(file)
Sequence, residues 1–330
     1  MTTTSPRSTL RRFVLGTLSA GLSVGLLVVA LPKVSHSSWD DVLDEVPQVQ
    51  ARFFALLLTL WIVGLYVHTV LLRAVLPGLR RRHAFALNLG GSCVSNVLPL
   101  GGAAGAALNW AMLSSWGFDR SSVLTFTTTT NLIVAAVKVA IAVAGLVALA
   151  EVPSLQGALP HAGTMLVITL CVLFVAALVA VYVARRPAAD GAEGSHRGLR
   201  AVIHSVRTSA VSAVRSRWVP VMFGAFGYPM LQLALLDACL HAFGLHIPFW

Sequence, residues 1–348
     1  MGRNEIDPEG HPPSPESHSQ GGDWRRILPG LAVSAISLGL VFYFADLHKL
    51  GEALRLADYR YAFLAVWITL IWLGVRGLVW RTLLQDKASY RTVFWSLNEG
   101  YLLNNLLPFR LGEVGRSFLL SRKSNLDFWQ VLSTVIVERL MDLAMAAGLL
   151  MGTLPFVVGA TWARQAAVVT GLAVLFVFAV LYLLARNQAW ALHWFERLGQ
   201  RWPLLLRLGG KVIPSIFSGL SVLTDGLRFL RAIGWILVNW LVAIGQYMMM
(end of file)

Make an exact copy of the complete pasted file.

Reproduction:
Sequence, residues 1–330
     1  MTTTSPRSTL RRFVLGTLSA GLSVGLLVVA LPKVSHSSWD DVLDEVPQVQ
    51  ARFFALLLTL WIVGLYVHTV LLRAVLPGLR RRHAFALNLG GSCVSNVLPL
   101  GGAAGAALNW AMLSSWGFDR SSVLTFTTTT NLIVAAVKVA IAVAGLVALA
   151  EVPSLQGALP HAGTMLVITL CVLFVAALVA VYVARRPAAD GAEGSHRGLR
   201  AVIHSVRTSA VSAVRSRWVP VMFGAFGYPM LQLALLDACL HAFGLHIPFW

Sequence, residues 1–348
     1  MGRNEIDPEG HPPSPESHSQ GGDWRRILPG LAVSAISLGL VFYFADLHKL
    51  GEALRLADYR YAFLAVWITL IWLGVRGLVW RTLLQDKASY RTVFWSLNEG
   101  YLLNNLLPFR LGEVGRSFLL SRKSNLDFWQ VLSTVIVERL MDLAMAAGLL
   151  MGTLPFVVGA TWARQAAVVT GLAVLFVFAV LYLLARNQAW ALHWFERLGQ
   201  RWPLLLRLGG KVIPSIFSGL SVLTDGLRFL RAIGWILVNW LVAIGQYMMM